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Congresswoman Lori Trahan (MA-03); Senators Edward J. Markey (D-MA) and Elizabeth Warren (D-MA); and Representatives Seth Moulton (MA-06), Joseph Kennedy, III (MA-04), Stephen Lynch (MA-08), Katherine Clark (MA-05), Richard Neal (MA-01), and James McGovern (MA-02), on March 5, urged US Attorney General William Barr to use his authority to direct any criminal penalties originating from the recently announced plea agreement back to the affected communities in the Merrimack Valley. Lawrence, Andover, and North Andover continue to recover from a series of devastating gas explosions and fires that killed one, injured several more, and destroyed homes and businesses in September 2018.
Columbia Gas, the company whose alleged negligence caused the disaster, pleaded guilty to violating minimum safety standards of the Natural Gas Pipeline Safety Act on Feb. 26, As part of this guilty plea, the company agreed to pay a criminal fine of $53,030,116 to the U.S. government – the largest fine of its kind.
“We’ve heard loudly and clearly from leaders like Mayor Rivera that these funds must remain in the Merrimack Valley. He’s right. It stands to reason that the communities of Lawrence, Andover, and North Andover – who bore the full brunt of Columbia Gas’s negligence – should benefit from the historic fine they’ve been ordered to pay. Attorney General Barr and the Department of Justice have a crucial choice to make, and I hope that they will come down on the side of communities in the Merrimack Valley. My colleagues and I in the Delegation stand ready to assist in any capacity that may be necessary,” said Trahan.
“The people of Merrimack Valley must be made whole, and funds from the settlement should remain in the community to ensure that happens. Families, businesses, and first responders are still recovering from the deadly natural gas disaster, and the Department of Justice should ensure that the settlement money stays in the community that was harmed,” said Markey.
“We deserve justice for the negligence that killed one of our neighbors and destroyed so many homes and businesses in the Merrimack Valley. The plea bargain that put Columbia Gas out of business is a good start. Now it’s up to the Department of Justice to finish the job and bring the settlement funds back to Massachusetts,” Moulton said.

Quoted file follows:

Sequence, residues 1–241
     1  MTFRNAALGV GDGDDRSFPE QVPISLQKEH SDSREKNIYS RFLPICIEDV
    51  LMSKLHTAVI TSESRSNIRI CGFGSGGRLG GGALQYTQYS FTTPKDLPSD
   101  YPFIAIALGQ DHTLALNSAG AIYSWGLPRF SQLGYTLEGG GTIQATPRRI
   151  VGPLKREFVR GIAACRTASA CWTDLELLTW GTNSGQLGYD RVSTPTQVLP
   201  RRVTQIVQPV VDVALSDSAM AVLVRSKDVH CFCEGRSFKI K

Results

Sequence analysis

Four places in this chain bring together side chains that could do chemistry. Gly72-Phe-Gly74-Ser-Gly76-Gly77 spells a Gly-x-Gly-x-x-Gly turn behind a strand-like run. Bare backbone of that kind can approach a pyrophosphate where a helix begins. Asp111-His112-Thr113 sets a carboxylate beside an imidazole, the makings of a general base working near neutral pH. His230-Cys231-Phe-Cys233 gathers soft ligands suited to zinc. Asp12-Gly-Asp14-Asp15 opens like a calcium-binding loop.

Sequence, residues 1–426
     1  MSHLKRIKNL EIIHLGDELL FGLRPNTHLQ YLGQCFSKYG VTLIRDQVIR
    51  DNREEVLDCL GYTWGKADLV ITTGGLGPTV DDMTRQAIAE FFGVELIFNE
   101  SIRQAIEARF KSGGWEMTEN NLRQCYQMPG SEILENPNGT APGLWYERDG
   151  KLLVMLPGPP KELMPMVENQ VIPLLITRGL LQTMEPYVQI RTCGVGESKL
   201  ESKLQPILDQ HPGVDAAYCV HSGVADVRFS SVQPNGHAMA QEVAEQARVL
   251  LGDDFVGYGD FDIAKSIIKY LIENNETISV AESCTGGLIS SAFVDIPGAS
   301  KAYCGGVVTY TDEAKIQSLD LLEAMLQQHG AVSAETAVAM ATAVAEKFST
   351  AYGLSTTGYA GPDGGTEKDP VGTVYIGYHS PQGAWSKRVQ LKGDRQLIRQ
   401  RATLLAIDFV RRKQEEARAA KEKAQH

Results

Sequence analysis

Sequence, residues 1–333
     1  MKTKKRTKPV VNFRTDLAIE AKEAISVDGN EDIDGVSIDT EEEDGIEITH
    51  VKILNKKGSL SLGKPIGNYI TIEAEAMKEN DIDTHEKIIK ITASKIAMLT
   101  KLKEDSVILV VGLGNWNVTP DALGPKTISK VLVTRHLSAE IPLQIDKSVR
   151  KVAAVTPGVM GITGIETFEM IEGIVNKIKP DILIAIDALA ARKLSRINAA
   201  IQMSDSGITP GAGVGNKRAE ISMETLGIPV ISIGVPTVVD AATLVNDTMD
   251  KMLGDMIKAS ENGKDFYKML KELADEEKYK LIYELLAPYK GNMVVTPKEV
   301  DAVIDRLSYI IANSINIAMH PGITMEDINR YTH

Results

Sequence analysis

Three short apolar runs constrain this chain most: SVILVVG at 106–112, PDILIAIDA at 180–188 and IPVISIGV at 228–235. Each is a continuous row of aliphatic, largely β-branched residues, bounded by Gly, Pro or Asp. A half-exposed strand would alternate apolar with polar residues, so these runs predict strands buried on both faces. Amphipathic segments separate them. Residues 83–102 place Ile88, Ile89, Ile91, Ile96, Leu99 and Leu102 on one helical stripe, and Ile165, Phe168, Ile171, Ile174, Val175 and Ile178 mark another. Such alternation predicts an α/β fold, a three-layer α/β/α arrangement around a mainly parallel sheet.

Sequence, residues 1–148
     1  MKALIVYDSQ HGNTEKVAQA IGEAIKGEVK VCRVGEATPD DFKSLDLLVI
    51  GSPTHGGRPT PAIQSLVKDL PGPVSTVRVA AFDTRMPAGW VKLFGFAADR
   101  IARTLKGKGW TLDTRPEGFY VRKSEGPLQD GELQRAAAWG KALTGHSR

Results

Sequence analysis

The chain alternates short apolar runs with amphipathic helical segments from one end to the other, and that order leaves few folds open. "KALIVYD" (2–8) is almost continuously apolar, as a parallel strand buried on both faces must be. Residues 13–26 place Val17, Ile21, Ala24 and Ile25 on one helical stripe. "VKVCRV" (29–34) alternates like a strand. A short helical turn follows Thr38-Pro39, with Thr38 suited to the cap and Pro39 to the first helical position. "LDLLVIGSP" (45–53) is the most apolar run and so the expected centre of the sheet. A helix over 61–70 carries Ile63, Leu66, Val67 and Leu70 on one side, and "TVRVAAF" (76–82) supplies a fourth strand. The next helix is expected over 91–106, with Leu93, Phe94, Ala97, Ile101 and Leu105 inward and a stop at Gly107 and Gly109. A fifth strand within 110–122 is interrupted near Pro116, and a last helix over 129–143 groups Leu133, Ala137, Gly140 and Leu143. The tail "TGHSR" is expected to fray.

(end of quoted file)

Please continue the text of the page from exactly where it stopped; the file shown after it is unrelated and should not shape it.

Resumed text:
“While we can’t undo the pain that these gas explosions have caused Merrimack Valley residents, we can make sure our families and communities—including our first responders—have the resources they need to get back on their feet,” said Warren. “That starts by ensuring the funds from the Columbia Gas settlement remain in the communities impacted by the disaster.”
The full text of the Members’ letter can be found below, and an image of the signed letter can be found HERE:
Below is the letter members of the delegation sent to the Hon. William Bar:
“The Honorable William Barr
U.S. Attorney General
U.S. Department of Justice
950 Pennsylvania Avenue, NW
Washington, DC 20530-0001
Dear Attorney General Barr:
On Sept.13, natural gas explosions and fires devastated the communities of Lawrence, North Andover, and Andover, Massachusetts, killing 18-year-old Leonel Rondon, destroying homes and businesses, and leaving thousands of residents without heat for several months. Columbia Gas of Massachusetts caused this disaster when gas systems over-pressurized during a pipe replacement process, and the company pleaded guilty to violating minimum safety standards of the Natural Gas Pipeline Safety Act on Feb. 26. As part of this guilty plea, the company must pay a criminal fine of $53,030,116 to the U.S. government. We urge you to ensure that this money stays in the communities that were affected by this disaster through all means at your disposal, so that it may be used to help right the wrongs done to residents, business owners, and first responders.
We understand that through existing discretionary authority, you can direct penalties from this criminal settlement to support the first responders, counselors, and others who provided services to disaster victims in the Merrimack Valley. The statute states that the discretionary funds can fund the “salaries of personnel who provide services to victims of crime.” We ask that you use this authority to support the local first responders and others who bravely served and continue to serve the victims of the September 13 gas explosions, funding their salaries on an ongoing basis.
We believe that the Department can and should use all available authorities to ensure that the funds from the Columbia Gas settlement remain in the Merrimack Valley to help the communities who were harmed by this disaster. The Merrimack Valley’s first responders and the people affected by the wrongdoing of Columbia Gas of Massachusetts deserve nothing less.
We stand ready to work with you on this matter should additional legislative authority be required to advance this proposal.”